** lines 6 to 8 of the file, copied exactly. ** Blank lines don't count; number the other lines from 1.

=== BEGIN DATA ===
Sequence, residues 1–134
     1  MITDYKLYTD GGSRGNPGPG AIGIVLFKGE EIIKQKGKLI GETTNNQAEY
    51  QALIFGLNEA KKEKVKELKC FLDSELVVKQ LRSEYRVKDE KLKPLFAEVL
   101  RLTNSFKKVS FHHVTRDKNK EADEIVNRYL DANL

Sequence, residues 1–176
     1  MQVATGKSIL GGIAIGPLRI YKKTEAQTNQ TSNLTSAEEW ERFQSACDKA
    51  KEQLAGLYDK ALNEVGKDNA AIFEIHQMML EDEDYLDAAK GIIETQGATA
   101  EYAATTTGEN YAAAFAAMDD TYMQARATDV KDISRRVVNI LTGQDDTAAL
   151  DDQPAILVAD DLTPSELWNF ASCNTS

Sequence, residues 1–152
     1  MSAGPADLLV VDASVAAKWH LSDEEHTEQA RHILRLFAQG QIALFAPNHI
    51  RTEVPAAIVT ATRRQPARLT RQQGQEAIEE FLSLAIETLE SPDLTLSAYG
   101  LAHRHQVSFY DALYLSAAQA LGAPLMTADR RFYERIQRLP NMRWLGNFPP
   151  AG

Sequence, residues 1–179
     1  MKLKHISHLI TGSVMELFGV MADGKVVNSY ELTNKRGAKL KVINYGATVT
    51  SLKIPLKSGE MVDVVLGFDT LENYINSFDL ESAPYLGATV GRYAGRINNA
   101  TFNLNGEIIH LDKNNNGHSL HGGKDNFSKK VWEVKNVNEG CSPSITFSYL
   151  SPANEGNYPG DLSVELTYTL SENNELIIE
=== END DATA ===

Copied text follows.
     1  MQVATGKSIL GGIAIGPLRI YKKTEAQTNQ TSNLTSAEEW ERFQSACDKA
    51  KEQLAGLYDK ALNEVGKDNA AIFEIHQMML EDEDYLDAAK GIIETQGATA
   101  EYAATTTGEN YAAAFAAMDD TYMQARATDV KDISRRVVNI LTGQDDTAAL